Humanitarian Funding Update October 2015 - United Nations Coordinated Appeals
As of 28 October, the funding gap of the UN-coordinated inter-agency appeals is US$10.8 billion which means that 54 per cent of the required funds remain unmet.
Globally, humanitarian organizations aim to reach 82 million people across 38 countries in 2015.
Donors continued to give generously; coinciding with the occasion of the 70th UN General Assembly in September, newly reported contributions to FTS between September and October amount to approximately $1.2 billion towards humanitarian response. An additional $647 million in pledges remain outstanding.
Ten appeals are funded between 50-59 per cent: Afghanistan, Democratic Republic of Congo (DRC), Iraq, Mauritania, Nepal, Nigeria, South Sudan,
Sudan, Syria regional refugee and resilience plan (3RP), and Vanuatu. The Afghanistan HRP saw an 11 per cent increase of reported funding rising from 48 per cent to 59 per cent. The Syria 3RP increased by 9 per cent from last month’s figures reaching funding coverage of 50 per cent as reported to FTS.
Other increases in reported funding were for Sudan which saw an 8 per cent increase, DRC a 7 per cent increase, Iraq a 5 per cent increase, and Nigeria a 3 per cent increase.
In stark contrast, the plans for Djibouti (15 per cent); Gambia (5 per cent);
Sahel (15 per cent); Senegal (16 per cent); and the South Sudan regional refugee plan (20 per cent) remain the least funded and constitute a meagre 2 per cent of all funding received. Low funding continues to hinder humanitarian operations and the delivery of essential life-saving assistance.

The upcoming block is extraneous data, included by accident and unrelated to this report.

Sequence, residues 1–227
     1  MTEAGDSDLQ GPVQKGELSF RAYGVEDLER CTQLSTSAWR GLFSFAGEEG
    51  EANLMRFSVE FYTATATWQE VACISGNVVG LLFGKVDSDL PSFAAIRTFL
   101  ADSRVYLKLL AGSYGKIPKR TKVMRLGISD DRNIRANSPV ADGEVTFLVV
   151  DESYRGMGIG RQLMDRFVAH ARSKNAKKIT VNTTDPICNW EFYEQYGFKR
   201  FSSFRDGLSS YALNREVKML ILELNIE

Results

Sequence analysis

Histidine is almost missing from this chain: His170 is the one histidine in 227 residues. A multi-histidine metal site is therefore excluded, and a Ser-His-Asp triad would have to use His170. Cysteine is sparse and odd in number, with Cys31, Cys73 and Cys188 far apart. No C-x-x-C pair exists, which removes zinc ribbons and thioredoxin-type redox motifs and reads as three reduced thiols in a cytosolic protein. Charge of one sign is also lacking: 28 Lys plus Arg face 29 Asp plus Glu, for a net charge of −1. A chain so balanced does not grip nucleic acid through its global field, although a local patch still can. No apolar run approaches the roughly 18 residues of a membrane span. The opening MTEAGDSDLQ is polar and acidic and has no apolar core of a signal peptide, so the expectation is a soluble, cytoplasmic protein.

The Haiti Urgent Request for Humanitarian Funding, a five-month appeal covering August-December 2015, has increased the global request by $26 million. The plan was first released in August, and is now being tracked in FTS. Haiti is seeking funds to respond to multiple factors: a deterioration of the bi-national migration crisis with the Dominican Republic, resurgence in cholera cases, and increased food insecurity and malnutrition. The current El Niño episode will further aggravate the situation as Haiti experiences a second year of drought in several parts of the country.
Through September, country-based pooled funds (CBPFs) have received $352 million. 61 per cent of this funding has gone to NGOs, including 17 per cent to national NGOs. Allocations complement other sources of funding and are prioritized in line with country humanitarian response plans. OCHA manages 18 CBPFs in crisis-affected countries, allowing donors to pool their unearmarked contributions to a specific emergency.
The global figures in this document (82 million people and $19.8 billion requirements) do not include RRP country chapters already covered in corresponding HRPs.